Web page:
From Khao San Road, catch ordinary (circular) bus 56 which runs along Tanao Road at the eastern tip of Khao San Road and then goes south through Maha Chai Road and Chakphet Road (get off after the Merry King department store for Phahurat Road and Sampheng Lane; don't miss it, as it will cross the bridge to Thonburi right after). Ordinary bus 4 comes from Silom intersection along Rama IV Road and passes Hualamphong Train Station through Yaowarat Road and then goes southwest over the Phra Pok Klao bridge to Thonburi (as with all routes, in eastwards direction Yaowarat Road is skipped in favour of Charoen Krung Road).

By train

Yaowarat and Phahurat can easily be reached from Hualamphong Train Station, which is on the eastern border of the district. Trains come in and go to many destinations in Thailand, including Ayutthaya, Kanchanaburi, Chiang Mai, and Southern Thailand.


Sights abound around Yaowarat and Phahurat, but if you're looking for "must-sees", you might want to visit Rattanakosin first. While enjoying a relaxed walk through this district, you should at least incorporate a visit to Wat Mangkon Kamalawat and Wat Traimit. Other sights could be considered optional or more interesting for adventurous travellers.


Crocodile at Wat Chakrawat


Leng Buai Ia Shrine

Museums and monuments

Chinese arch that marks the beginning of Yaowarat Rd

European-style buildings

Bangkok Bank Building


Take the Yaowarat and Phahurat Tour, a full day walking tour around the most interesting sights, markets and restaurants of the area.



Street markets

Sampheng Lane

Typical of Yaowarat are its small crowded lanes filled with markets, that sell... well, anything you could possibly imagine. You'll stumble on items for sale as diverse as Chinese medicine, snake blood, Buddhist paraphernalia, toys, ant-killer chalk, car spare parts, typical teenager stuff and more.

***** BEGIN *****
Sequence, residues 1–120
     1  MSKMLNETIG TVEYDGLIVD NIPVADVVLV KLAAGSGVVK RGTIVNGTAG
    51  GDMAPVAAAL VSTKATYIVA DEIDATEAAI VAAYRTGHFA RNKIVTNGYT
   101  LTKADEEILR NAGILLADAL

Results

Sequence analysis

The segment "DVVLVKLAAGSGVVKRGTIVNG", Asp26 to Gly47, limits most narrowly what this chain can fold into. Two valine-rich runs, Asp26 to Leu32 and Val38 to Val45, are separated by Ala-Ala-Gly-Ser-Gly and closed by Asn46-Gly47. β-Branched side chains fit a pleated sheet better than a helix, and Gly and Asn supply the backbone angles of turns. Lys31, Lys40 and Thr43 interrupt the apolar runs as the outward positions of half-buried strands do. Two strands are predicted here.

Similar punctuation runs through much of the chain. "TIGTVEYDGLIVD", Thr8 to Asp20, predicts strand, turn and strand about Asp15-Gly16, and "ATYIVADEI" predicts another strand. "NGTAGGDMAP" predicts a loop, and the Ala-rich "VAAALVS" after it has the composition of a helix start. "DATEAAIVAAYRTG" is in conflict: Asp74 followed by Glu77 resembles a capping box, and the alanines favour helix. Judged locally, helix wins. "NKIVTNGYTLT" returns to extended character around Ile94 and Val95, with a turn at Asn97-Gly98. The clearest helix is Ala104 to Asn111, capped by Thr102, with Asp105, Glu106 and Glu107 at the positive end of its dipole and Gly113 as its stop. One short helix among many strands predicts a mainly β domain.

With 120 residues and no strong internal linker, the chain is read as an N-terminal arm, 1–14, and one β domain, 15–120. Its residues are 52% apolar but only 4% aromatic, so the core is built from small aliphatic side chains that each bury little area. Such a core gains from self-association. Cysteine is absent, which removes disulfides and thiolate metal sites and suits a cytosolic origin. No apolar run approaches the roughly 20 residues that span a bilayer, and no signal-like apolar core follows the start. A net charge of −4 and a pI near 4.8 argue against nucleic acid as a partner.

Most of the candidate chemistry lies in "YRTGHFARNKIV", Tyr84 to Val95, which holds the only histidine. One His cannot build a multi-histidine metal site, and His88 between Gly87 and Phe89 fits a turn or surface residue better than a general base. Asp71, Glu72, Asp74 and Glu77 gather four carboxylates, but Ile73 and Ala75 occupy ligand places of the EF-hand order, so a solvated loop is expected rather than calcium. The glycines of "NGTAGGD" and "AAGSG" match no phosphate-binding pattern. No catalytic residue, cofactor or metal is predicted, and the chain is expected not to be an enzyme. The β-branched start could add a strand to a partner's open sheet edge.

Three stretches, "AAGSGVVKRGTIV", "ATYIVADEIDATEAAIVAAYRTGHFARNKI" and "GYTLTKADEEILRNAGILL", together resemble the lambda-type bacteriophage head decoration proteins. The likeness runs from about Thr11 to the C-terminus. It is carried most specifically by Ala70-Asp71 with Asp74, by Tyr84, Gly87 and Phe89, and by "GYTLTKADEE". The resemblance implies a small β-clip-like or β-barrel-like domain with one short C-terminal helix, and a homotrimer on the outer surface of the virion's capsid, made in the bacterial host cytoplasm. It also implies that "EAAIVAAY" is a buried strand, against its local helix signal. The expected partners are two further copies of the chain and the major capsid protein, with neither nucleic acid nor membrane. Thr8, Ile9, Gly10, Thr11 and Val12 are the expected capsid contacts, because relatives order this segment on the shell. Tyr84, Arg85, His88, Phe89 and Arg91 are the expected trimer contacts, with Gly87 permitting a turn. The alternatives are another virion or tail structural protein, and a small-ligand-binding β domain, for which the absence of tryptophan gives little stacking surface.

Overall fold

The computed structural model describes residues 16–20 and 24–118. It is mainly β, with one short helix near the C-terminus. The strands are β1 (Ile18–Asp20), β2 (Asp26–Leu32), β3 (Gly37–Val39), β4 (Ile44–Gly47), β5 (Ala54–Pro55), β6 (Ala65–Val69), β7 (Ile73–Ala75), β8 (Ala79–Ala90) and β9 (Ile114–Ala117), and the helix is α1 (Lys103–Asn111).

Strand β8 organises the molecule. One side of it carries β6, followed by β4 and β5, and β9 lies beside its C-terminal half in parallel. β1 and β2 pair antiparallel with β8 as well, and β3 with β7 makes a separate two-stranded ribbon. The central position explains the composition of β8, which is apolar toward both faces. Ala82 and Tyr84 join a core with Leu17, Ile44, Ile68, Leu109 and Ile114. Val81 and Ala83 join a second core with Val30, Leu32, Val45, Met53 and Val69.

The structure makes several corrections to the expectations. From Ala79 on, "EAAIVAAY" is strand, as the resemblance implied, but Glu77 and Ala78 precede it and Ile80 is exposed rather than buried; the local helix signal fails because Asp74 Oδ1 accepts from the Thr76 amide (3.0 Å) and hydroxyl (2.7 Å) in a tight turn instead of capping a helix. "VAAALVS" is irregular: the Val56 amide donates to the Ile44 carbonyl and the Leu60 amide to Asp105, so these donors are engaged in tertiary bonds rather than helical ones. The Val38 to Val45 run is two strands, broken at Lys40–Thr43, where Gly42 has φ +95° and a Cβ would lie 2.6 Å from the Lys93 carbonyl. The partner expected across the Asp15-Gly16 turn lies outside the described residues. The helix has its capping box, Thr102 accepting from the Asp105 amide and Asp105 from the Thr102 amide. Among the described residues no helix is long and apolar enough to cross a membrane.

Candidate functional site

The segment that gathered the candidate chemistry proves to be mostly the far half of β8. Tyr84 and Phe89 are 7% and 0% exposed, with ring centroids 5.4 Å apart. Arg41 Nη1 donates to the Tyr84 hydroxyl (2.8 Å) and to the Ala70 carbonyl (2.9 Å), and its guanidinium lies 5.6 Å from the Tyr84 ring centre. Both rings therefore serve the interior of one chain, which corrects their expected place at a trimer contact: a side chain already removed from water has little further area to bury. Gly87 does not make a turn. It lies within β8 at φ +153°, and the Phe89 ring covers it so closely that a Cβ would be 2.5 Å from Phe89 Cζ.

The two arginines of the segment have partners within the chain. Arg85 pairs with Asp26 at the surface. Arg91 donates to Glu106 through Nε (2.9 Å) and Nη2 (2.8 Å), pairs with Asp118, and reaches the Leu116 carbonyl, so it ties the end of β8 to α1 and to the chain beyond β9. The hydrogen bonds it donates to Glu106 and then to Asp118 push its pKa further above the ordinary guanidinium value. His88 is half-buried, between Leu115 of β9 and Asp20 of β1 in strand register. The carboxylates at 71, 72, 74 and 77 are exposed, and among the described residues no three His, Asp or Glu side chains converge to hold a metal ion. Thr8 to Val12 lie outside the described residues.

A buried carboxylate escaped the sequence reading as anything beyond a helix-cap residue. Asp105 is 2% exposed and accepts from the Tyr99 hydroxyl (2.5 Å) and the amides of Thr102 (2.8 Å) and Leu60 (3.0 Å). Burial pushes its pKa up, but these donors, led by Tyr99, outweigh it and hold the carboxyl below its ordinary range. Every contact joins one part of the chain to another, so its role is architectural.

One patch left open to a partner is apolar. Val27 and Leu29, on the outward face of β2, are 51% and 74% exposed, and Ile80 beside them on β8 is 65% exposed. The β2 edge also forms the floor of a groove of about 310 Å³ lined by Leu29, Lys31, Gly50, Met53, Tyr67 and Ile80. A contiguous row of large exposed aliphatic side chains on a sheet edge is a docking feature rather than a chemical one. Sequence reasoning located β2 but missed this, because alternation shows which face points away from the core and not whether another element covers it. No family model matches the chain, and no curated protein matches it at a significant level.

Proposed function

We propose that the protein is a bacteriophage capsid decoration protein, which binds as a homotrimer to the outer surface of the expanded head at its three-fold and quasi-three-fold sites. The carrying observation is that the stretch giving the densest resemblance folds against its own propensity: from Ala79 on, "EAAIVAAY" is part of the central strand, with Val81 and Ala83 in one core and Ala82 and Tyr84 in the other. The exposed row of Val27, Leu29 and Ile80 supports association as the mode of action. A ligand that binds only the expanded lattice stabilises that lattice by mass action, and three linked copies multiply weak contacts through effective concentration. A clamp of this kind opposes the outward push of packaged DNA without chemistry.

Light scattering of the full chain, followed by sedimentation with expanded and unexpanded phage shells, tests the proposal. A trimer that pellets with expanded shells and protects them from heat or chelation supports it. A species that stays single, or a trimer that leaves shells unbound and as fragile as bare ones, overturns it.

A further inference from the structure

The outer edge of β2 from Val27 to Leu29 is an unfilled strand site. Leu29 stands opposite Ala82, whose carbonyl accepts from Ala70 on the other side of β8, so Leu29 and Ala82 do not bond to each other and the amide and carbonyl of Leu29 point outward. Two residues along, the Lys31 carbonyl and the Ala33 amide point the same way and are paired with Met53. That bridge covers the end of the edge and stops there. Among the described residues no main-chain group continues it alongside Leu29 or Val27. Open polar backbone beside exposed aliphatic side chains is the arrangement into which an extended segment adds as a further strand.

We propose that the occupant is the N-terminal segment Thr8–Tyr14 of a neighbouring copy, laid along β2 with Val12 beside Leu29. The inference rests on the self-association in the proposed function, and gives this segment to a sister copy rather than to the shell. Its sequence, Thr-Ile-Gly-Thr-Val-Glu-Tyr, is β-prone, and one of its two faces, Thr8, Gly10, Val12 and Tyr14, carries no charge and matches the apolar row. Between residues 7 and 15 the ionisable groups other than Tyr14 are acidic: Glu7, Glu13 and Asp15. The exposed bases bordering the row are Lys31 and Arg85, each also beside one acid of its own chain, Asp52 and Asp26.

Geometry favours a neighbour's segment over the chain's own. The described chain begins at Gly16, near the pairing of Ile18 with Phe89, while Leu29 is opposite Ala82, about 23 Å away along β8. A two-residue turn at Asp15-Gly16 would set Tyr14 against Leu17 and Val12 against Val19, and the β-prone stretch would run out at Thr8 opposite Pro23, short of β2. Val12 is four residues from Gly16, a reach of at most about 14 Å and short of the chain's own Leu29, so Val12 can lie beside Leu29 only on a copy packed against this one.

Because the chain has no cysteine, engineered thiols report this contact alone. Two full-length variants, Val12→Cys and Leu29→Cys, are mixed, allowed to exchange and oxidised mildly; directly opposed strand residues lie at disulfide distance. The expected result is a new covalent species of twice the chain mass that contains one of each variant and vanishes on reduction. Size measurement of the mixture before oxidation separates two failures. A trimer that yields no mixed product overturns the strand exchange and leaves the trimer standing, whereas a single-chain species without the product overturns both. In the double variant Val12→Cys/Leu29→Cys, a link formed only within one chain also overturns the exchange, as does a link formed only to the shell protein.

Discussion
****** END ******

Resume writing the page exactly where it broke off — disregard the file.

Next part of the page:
Parallel to the big Yaowarat Road lies   Sampheng Lane (sometimes signposted as Soi Wanit 1, 08:00-18:00 daily) which is probably the most characteristic (if tacky) shopping lane of the area. This narrow lane, at some places having a width of less than one metre, used to be a shady area thriving on brothels, gambling houses and opium dens, but has now turned into a crowded lane of endless ramshackle department stores. The lane can roughly be divided into three sections, all of them selling different kind of products at bargain rates. The lower eastern part of Sampheng Lane focuses on cheap teenager accessories, such as cheap jewellery, toys, and hair products. In the middle part, there is more of a focus on shoes, Chinese ceramics and lanterns. Indian merchants have mostly taken over the part west of Rachawongse Road, where you can find fabrics, silk and other clothing. Don't expect any quality here, just shop for fun.

Crossing Sampheng in the middle is Trok Issaranuphap, the most exotic of Yaowarat's shopping lanes. The part south of Yaowarat Road is known as   Talat Kao (04:00-11:00 daily) or "Old Market", which is not an understatement as it has been up and running since the late 18th century. This market is a more down-to-earth than Sampheng and more authentic, but get here early as it closes in the early afternoon. It is largely a food market with fresh meat, fish, vegetables, fruits and other food ingredients for sale. But there are also plenty of non-food products like ant-killer chalk, Chinese medicines and ginseng roots. The part north of Yaowarat Road is known as   Talat Mai (04:00-18:00 daily), which means "New Market" despite it being about one hundred years old. It has similar products as elsewhere on Trok Issaranuphap, but it has an even more exotic aura to it. Unlike Talat Kao, this market stays open till the early evening. As it is fully covered, it's a good place to sneak into if it starts raining.

Some of the smaller markets include:

Sieng Kong Zone